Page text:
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Get ready for a bump at the pump in California

Gasoline prices
A 12-cent per-gallon increase in the gasoline tax on Nov. 1 will be felt at the pump by drivers, but experts say that gas prices won’t automatically rise by 12 cents a gallon.
(Gene J. Puskar / Associated Press)

California drivers normally catch a bit of a break this time of year, when gas stations switch over to winter blends, which usually run about 12 cents a gallon less than summer-blended fuel.

But this year, the switch will coincide with the rollout of a bill passed earlier this year by the California Legislature and signed into law by Gov. Jerry Brown to increase the price of gasoline by 12 cents a gallon.

In essence, the hike in the gas tax will nullify the reduction in price associated with the transition to winter fuel.

Gas stations in Southern California will be allowed to start selling winter-blended gasoline Wednesday, according to the Weekly Fuel Prices Report released by the Automobile Club of Southern California.

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That’s the same day the gas tax increase — known as Senate Bill 1, the Road Repair and Accountability Act — goes into effect.

“I don’t know if it was calculated this way but it was smart that they did it in the fall when the price is usually lower, as compared to the summer,” said Jeffrey Spring, spokesman for the Auto Club. “It’s probably more palatable that way.”

The Board of Equalization, the agency that oversees tax and fee collection in the state, on Wednesday will adjust the excise tax on gasoline based on projections on consumption and gas prices to 41.7 cents per gallon.

But Spring said that does not mean every gas station in California will instantly increase their prices by 12 cents first thing Wednesday morning.

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“It’s not an overnight switch. It doesn’t happen like that,” Spring said. “We’ve had gas tax increases before and it’s kind of built into the market beforehand.”

Dave Hackett, president of Stillwater Associates, an Irvine-based transportation energy consulting company, said it may be a good idea for some motorists — especially those who regularly drive long distances — to consider fueling up before Wednesday.

“It’s worth it for some folks,” Hackett said. “If you’ve got one of those awful commutes and you don’t live close to where you work, then every time you pay 12 cents a gallon will mean something to you … If you drive all the time this [tax increase] can be a big deal.”

In an effort to reduce air pollution, many states require refineries to produce summer-blend fuels that use different fuel additives. California uses its own unique blend. Summer blends are more expensive because of the oxygenates required in the fuel and because refineries have to briefly shut down before processing it.

For almost three years, drivers have received a break at the pump as gasoline prices have stayed relatively low, thanks to a dramatic drop in crude oil prices that started at the end of 2014.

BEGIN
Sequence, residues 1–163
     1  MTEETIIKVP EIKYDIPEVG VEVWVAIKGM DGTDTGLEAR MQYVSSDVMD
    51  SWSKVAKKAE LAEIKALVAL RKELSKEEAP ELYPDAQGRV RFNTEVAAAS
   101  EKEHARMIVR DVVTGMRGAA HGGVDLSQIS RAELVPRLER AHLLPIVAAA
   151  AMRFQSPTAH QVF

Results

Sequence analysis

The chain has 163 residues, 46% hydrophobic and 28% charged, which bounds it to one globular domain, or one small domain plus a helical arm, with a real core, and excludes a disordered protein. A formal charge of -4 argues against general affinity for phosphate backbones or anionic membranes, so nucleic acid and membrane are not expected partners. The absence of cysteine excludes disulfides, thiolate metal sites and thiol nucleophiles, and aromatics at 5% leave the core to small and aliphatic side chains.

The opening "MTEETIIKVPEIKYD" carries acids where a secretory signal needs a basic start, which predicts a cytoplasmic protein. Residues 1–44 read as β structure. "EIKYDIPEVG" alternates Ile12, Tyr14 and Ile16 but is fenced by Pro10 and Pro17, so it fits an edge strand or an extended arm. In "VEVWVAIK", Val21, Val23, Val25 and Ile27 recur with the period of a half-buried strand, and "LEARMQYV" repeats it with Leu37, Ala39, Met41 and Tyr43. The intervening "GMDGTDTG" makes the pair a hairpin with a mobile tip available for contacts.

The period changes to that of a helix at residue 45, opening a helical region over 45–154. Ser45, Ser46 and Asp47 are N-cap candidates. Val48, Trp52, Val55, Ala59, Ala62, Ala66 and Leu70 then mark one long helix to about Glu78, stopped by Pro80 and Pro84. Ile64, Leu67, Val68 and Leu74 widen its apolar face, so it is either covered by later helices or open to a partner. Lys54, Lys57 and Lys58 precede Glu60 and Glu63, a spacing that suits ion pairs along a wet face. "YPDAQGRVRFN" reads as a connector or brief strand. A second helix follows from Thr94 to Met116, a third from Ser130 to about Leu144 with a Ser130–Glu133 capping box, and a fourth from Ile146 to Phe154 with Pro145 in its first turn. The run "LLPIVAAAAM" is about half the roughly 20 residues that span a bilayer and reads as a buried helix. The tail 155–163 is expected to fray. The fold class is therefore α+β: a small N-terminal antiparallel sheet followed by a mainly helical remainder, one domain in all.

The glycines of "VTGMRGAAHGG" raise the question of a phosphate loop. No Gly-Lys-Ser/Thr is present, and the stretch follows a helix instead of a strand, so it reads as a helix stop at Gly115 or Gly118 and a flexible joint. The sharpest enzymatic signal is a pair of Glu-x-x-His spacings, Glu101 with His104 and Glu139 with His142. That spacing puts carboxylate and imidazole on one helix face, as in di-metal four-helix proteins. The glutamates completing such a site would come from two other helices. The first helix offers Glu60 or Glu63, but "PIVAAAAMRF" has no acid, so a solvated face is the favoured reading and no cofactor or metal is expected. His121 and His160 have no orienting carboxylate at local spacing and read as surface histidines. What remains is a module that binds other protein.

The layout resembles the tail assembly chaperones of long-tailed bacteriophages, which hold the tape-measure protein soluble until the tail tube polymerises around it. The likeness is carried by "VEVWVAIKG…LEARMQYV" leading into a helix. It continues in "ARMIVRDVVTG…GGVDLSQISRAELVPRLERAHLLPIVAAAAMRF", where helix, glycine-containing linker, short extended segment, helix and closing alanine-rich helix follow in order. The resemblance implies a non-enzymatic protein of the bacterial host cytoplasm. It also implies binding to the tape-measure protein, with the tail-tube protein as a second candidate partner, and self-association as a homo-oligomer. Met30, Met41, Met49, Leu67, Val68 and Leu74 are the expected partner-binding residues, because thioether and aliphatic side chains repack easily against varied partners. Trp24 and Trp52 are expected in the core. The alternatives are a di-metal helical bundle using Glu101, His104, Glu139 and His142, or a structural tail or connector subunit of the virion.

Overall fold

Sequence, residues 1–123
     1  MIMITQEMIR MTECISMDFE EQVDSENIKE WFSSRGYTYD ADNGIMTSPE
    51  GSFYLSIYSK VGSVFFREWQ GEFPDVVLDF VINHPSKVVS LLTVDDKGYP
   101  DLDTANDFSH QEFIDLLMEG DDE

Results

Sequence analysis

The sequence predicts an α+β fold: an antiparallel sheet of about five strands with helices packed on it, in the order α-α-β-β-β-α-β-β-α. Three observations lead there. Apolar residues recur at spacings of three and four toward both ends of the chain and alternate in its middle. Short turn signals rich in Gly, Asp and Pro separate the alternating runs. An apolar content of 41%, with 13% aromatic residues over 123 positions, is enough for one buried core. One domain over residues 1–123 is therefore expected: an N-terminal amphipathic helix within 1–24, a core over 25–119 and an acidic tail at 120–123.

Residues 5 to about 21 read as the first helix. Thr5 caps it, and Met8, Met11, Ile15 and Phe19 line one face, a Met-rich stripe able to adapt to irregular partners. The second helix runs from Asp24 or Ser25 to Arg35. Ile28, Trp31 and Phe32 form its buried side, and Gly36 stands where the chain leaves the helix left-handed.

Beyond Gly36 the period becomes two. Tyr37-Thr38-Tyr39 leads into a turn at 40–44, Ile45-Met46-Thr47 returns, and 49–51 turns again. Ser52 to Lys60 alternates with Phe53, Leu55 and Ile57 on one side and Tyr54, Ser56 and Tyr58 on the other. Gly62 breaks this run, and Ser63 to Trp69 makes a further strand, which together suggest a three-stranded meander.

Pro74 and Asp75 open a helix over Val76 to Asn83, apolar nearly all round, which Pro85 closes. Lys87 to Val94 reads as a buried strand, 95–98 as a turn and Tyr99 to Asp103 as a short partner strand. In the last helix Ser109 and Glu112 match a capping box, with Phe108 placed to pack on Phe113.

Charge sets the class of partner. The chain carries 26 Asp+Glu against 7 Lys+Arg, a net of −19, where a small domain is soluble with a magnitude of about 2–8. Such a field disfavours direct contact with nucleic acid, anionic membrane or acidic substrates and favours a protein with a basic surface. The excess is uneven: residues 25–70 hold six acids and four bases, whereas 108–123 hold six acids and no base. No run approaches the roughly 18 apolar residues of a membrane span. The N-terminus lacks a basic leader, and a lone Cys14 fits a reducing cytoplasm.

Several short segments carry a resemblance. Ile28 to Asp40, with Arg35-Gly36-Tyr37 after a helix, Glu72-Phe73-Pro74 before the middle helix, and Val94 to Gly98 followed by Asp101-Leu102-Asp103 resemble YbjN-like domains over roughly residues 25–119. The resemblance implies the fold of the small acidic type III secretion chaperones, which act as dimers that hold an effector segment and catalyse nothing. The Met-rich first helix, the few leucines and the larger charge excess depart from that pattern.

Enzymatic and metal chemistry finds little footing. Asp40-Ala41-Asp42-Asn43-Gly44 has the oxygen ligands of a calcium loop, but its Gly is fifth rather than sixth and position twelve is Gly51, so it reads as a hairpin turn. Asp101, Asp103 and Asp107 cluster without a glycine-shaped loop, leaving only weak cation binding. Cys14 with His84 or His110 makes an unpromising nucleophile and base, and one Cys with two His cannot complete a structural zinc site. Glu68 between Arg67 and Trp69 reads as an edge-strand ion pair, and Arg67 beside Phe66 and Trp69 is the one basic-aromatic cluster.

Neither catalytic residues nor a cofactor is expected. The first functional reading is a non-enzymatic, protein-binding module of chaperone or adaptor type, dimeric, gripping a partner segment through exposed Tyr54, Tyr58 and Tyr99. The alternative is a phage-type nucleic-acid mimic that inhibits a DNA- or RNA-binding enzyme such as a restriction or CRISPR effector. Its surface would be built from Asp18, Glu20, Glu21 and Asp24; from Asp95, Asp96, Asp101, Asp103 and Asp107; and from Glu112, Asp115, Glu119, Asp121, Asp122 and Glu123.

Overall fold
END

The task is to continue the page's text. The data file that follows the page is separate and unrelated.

According to AAA, the average price for regular gasoline on Monday is $3.037 a gallon in California and $3.075 a gallon in Los Angeles.

That’s a far cry from October 2012, when Los Angeles drivers paid an average of $4.705 a gallon, the highest ever recorded in the county by AAA.

The 12-cent rise effective Wednesday will mark the first iteration of Senate Bill 1. Its full effect will be felt by July 2019, when the total amount in excise taxes will go up to 47.3 cents a gallon.

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Diesel drivers will get hit even harder. The state’s diesel excise tax will go up 20 cents a gallon and the diesel sales tax will see a 5.75% increase.

Annual vehicle registration fees will also go up between $25 and $175, depending on the value of the car. The tax also establishes a $100 annual registration fee for zero-emission vehicles, starting in July 2020.

Spring said the long-term implications of the gas tax increase vary depending on factors such as the type of vehicle a consumer drives and whether gas prices remain stable.

“All Californians have been down the path of over 4 bucks a gallon a couple times so that’s still fresh in most people’s memories,” Spring said. “So if we’re something around $3 [a gallon], I wouldn’t say you’re shrugging it off but you’re saying, ‘Hey, I’ve been there.’”

Signed into law in April, Senate Bill 1 has been controversial.

Supporters say it’s needed to upgrade the state’s transportation infrastructure. Analysis of the bill said rough roads result in each driver in California spending about $700 a year in extra vehicle repairs.

Republican critics of SB1 say revenue from previous gas tax increases in the past have been diverted to other spending programs. Democrats say measures have been put in place to prevent misuse of the money.

An effort to repeal the tax has been launched.

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Before passage of the SB1 gas tax increase, California had the seventh-highest taxes and fees on gasoline in the nation.

At 59.3 cents per gallon, Pennsylvania has the highest gas tax in the nation, according to the Washington-based Tax Foundation.

But by 2019, it’s estimated that California will be just 1 cent behind Pennsylvania, provided that the gas taxes in other states remain the same.

Although they are not technically included in the gas tax, two other fees are imposed in California — the Low Carbon Fuel Standard that adds 3.7 cents per gallon of gasoline and the fee supporting the state’s cap-and-trade program on carbon emissions that comes to 11.4 cents a gallon.

In addition, the federal government already imposes a gas tax of 18.4 cents a gallon on each state.

rob.nikolewski@sduniontribune.com


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